An overview of load paths and how they change during demolition and temporary works projects.
Load Path Webinar Topics
- Definition of load paths – the routes forces take through a structure to the foundations
- Case study: Altering a tower structure and maintaining stability by redirecting loads
- Example of bridge lift: Reversed loading and changed material capacities
- Key principles: Understand the structure, demolition sequence, and resulting load path changes
- Applying engineering knowledge to design appropriate temporary works
- Load paths are crucial to understand for demolition and temporary works projects. Analysing how load paths change is vital.
- Always examine the original load path and how proposed works will alter it.
- Temporary propping and supports may be required to maintain stability if loads are redistributed.
- Reversed or altered loading can change material capacities, so check under new conditions.
- Analyse the structure and demolition/construction sequence to see load path changes.
- Apply fundamental engineering principles to devise appropriate temporary works schemes.
- Safety and stability rely on engineering analysis of the evolving load paths during works.
- Understanding load path changes allows civil and structural engineers to design safe demolitions and temporary works.
The key is rigorously analysing load paths at each stage using engineering knowledge and experience.
Load Path Case Studies
The webinar featured two case studies that demonstrate how load paths can change significantly during demolition and temporary works and the analyses required to maintain structural stability.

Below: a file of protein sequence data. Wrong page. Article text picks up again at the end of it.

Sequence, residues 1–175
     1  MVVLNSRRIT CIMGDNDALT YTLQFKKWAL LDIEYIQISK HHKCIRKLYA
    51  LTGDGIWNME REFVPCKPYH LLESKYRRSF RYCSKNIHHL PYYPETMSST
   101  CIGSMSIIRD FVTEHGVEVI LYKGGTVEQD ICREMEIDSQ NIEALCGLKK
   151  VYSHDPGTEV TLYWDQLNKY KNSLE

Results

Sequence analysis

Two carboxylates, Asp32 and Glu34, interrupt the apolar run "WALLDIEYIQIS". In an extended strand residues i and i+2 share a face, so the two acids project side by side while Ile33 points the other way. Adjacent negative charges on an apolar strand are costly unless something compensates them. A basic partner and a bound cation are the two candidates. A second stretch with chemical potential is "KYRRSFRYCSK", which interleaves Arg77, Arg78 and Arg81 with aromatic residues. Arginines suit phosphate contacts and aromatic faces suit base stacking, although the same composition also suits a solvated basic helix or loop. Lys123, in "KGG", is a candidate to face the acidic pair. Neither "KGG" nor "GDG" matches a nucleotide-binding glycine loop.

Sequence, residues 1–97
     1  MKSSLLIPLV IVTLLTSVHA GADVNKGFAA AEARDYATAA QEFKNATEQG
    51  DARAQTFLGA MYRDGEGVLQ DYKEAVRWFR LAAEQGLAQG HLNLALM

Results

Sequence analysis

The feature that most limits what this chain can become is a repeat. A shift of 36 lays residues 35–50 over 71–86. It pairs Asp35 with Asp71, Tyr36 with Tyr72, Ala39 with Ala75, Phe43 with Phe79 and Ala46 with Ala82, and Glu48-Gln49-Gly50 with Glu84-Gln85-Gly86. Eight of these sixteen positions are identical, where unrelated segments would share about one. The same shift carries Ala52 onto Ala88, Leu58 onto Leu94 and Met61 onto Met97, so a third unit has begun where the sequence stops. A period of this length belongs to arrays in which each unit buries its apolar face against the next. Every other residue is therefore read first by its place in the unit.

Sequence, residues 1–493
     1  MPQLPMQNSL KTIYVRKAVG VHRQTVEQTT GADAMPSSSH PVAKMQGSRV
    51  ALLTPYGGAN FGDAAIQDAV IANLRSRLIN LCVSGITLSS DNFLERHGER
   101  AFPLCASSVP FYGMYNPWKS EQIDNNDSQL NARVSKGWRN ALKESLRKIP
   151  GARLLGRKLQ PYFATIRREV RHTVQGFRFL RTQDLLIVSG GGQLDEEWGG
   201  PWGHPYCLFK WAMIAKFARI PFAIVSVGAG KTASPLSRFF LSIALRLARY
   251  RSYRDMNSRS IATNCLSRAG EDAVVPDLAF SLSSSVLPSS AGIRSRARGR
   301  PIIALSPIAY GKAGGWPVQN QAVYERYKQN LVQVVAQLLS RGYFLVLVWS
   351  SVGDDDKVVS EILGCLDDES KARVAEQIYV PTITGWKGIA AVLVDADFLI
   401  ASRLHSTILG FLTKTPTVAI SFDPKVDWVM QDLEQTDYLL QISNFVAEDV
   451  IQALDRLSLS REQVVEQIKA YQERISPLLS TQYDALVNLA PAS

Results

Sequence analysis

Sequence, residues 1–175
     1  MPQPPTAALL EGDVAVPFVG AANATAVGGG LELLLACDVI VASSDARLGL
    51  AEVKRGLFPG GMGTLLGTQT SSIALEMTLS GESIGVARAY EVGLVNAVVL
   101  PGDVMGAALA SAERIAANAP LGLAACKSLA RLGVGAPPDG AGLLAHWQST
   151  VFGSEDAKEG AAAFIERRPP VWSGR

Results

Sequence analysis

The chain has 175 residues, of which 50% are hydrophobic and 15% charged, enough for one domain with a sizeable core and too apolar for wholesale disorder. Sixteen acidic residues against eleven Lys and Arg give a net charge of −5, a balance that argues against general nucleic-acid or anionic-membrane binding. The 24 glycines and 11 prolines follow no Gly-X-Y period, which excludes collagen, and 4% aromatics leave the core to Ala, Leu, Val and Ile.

Gramophone Works – Altering and Demolishing a Tower Structure:
- Project involving altering an existing tower structure by adding a new lift and underpinning the foundations.
- The original straight load path down through the tower was disrupted by the works.
- Design of a complex propping scheme to redistribute loads into temporary beams, columns and piles so the tower remained stable during excavation works
Church Monks Footbridge – Bridge Lift for Refurbishment:
- This case study involves lifting up an existing bridge to enable refurbishment works.
- Lifting the bridge reversed the load path, inducing hogging moment at the top and compression at the bottom.
- They had to analyze the material capacities under reverse loading conditions.
This webinar demonstrates how civil and structural engineers analyze load paths and account for changes during construction and demolition works. Understanding the load path is vital for stability of temporary structures. Insightful examples of real projects show how load redistribution applies in practice.
Additional Resource – Building Research Establishment (BRE) (Good Building Guides)